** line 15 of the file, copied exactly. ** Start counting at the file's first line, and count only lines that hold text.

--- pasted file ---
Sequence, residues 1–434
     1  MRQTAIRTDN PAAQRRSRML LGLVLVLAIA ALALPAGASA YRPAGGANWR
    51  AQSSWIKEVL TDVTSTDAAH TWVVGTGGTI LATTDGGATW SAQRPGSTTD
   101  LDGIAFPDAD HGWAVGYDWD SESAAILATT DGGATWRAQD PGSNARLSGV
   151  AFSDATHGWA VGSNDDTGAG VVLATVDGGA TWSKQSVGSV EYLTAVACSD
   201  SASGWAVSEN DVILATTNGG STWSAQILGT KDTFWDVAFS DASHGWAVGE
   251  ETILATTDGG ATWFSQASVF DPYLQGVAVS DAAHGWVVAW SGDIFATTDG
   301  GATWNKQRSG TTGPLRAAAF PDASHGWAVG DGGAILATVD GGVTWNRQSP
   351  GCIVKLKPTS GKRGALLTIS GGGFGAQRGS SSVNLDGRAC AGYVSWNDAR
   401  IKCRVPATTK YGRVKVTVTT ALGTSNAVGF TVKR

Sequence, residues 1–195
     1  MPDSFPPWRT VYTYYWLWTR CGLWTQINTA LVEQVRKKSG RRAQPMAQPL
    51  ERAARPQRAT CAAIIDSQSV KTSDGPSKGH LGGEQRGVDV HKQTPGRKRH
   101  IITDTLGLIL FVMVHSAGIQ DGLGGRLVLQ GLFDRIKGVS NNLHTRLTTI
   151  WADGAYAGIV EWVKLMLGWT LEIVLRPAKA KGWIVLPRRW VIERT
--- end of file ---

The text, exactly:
   151  WADGAYAGIV EWVKLMLGWT LEIVLRPAKA KGWIVLPRRW VIERT